Dick Seesel

Should there be better access to mental health care? Yes. Should mental health care be treated like other health care instead of being stigmatized? Absolutely. Is health care a core part of the CVS brand? Of course.

And yet, I don’t think of the average CVS shopping experience as compatible with seeking help for depression, anxiety or other mental health issues. Even a CVS store with a clinic in the back is often a stressful atmosphere in its own right. This service might be more effectively served by the large number of freestanding walk-in clinics and urgent care facilities across the country.

Lisa Goller

Yes. This move makes good business sense, as the pandemic’s profound upheaval has boosted demand for mental health resources. A recent survey by AlixPartners found more than 30 percent of respondents between 18 and 34 felt extremely or very concerned about their mental health due to the pandemic.

Bravo to CVS for normalizing total health. Making mental health services more accessible smashes the stigma that causes people to suffer in silence and shame.

Ensuring that consumers feel safe and willing to ask for help is essential. Keys to success include a trusted network of health specialists, privacy policies and secure health data management.

Dave Wendland

This is yet another move in the right direction for CVS Health. Behavioral health services align nicely with CVS HealthHub and a mission to improve the health and well-being of its customers. From sleep disorders to anxiety, being the “hub” for health services will surely position CVS as a trusted partner. That said, I agree with fellow BrainTruster Neil Saunders that improvements to store atmosphere, product arrangement, and access to care cannot be overlooked as CVS Health continues its evolution.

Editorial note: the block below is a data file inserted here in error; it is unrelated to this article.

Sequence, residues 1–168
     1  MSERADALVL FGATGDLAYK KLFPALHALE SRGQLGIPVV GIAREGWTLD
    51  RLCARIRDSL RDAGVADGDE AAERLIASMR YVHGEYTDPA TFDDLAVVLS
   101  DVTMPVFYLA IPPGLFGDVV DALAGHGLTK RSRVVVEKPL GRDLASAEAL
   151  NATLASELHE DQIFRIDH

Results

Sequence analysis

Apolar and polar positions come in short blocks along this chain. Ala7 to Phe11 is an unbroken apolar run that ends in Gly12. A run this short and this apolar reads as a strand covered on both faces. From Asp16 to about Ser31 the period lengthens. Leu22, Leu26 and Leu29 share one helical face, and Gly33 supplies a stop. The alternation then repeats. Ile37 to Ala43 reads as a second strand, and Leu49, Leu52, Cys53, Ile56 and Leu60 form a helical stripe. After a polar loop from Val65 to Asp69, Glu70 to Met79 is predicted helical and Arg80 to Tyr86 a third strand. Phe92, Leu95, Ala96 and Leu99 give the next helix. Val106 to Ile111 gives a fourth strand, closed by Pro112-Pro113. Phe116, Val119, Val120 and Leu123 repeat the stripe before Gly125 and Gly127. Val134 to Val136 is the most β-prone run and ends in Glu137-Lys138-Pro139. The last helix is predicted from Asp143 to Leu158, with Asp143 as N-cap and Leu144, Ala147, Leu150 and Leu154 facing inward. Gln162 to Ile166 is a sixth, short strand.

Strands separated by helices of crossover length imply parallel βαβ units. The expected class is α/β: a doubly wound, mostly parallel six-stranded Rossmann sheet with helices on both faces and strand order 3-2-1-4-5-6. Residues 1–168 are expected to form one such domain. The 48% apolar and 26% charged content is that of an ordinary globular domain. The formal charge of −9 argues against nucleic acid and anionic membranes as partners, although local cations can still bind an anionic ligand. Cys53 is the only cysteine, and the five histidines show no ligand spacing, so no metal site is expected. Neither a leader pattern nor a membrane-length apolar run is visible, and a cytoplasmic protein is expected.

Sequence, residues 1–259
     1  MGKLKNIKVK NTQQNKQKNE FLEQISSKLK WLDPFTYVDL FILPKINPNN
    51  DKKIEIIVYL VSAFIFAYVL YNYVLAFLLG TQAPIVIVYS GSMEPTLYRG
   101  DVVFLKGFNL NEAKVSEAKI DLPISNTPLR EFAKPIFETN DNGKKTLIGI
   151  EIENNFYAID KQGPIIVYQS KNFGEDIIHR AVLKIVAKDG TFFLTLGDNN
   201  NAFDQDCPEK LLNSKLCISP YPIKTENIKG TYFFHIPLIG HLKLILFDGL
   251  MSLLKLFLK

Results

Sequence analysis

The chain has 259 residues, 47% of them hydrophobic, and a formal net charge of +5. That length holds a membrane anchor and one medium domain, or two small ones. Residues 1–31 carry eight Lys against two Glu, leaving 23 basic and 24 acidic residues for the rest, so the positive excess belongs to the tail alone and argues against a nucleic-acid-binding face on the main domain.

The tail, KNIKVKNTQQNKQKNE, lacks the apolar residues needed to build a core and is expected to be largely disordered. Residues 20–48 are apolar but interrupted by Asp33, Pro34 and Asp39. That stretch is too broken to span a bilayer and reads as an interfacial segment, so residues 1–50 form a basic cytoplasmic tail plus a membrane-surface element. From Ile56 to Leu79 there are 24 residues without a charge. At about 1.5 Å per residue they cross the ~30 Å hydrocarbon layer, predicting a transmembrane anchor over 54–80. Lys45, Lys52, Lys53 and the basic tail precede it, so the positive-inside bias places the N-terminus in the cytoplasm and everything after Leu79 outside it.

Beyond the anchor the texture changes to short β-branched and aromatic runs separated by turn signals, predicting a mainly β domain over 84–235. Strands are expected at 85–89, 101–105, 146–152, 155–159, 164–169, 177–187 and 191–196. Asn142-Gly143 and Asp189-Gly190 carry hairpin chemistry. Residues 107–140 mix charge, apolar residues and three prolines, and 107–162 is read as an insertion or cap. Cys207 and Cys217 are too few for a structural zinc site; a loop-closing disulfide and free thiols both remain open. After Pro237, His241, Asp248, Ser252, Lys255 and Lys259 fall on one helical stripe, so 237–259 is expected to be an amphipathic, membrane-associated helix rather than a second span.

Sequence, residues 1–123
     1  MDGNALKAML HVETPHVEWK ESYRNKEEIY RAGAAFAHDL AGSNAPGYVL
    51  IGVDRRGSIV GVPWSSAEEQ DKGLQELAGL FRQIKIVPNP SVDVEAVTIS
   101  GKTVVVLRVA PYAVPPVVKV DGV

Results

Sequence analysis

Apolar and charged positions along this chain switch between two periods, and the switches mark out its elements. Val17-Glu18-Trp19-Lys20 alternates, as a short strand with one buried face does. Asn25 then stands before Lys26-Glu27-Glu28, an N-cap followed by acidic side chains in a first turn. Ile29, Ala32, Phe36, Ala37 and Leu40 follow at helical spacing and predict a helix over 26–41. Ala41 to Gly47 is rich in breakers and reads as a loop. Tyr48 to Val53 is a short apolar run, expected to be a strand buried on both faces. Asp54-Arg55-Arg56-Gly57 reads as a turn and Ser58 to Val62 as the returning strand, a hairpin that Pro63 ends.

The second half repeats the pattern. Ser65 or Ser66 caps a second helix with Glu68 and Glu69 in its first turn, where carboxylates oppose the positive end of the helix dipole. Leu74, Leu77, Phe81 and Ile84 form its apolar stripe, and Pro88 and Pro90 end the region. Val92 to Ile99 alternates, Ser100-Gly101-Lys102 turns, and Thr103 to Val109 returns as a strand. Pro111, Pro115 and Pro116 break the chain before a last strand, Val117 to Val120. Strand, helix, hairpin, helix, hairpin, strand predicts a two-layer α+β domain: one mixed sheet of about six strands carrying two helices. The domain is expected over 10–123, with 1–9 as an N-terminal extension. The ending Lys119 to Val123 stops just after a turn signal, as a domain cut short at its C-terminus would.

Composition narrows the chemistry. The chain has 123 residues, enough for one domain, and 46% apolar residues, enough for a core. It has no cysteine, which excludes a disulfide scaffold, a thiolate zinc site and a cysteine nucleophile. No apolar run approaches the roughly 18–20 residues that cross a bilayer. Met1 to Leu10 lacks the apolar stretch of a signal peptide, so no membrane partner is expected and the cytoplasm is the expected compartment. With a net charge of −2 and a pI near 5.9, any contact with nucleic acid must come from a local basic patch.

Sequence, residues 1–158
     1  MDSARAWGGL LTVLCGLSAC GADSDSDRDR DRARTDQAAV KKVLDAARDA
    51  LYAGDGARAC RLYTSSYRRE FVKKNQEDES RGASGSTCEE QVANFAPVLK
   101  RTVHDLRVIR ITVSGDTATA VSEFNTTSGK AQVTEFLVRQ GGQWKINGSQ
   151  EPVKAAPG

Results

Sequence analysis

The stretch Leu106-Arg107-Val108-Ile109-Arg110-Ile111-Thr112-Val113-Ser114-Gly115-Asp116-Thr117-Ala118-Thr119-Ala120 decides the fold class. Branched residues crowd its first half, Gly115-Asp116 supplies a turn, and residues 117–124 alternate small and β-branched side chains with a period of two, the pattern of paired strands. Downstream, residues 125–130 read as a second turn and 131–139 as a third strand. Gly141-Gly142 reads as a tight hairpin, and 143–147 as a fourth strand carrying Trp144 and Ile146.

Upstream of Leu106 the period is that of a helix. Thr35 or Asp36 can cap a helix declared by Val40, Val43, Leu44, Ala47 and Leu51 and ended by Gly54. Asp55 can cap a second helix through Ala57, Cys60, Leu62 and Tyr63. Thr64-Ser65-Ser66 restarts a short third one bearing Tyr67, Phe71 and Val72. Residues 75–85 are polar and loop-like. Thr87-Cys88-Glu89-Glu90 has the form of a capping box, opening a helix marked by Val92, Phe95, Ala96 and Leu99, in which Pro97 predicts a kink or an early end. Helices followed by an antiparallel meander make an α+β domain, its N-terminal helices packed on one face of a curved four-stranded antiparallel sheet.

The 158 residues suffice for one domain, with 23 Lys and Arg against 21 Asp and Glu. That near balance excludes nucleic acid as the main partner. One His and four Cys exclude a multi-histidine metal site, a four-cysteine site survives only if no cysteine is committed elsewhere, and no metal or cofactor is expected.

Gene Detroyer

Bravo CVS! For too long the drug chains have morphed into convenience stores. But should they not be healthcare centers for the neighborhoods they operate in?

How many people forgo doctor visits because it is too difficult, too time consuming or too expensive? And for all the same reasons, how many people people could improve their own mental health with just several visits to a therapist and knowing that someone is there to talk to? Mental health is healthcare and good mental health can shortcut other physical issues that we suffer.

Brandon Rael

The health and wellness movement has really gained significant momentum throughout the pandemic. CVS and its competing retail pharmacy chains have really stepped up to respond to the changing consumer behaviors. Unfortunately, mental health services have not been at the forefront of retailer’s strategies until recently.

There is a great opportunity for CVS, Walgreens, and other retail pharmacies to become the one-stop-shop for health, wellness, and medical needs, and mental health services. The first step is to recognize that it is a real issue, and as a culture, we need to remove the stigma related to mental health needs.

The first step is for organizations to have the courage to offer these services, and the next step is to provide a safe and secure environment where the customers could get the help they need.

Doug Garnett

If there is a service in the world which shouldn’t become corporatized, it’s mental health services. We already are suffering, as a society, from insurance companies forcing mental health support work into narrow channels.

This seems a very wrong-headed idea. It will grab headlines for CVS while failing to deliver what’s needed to customers.

Ryan Mathews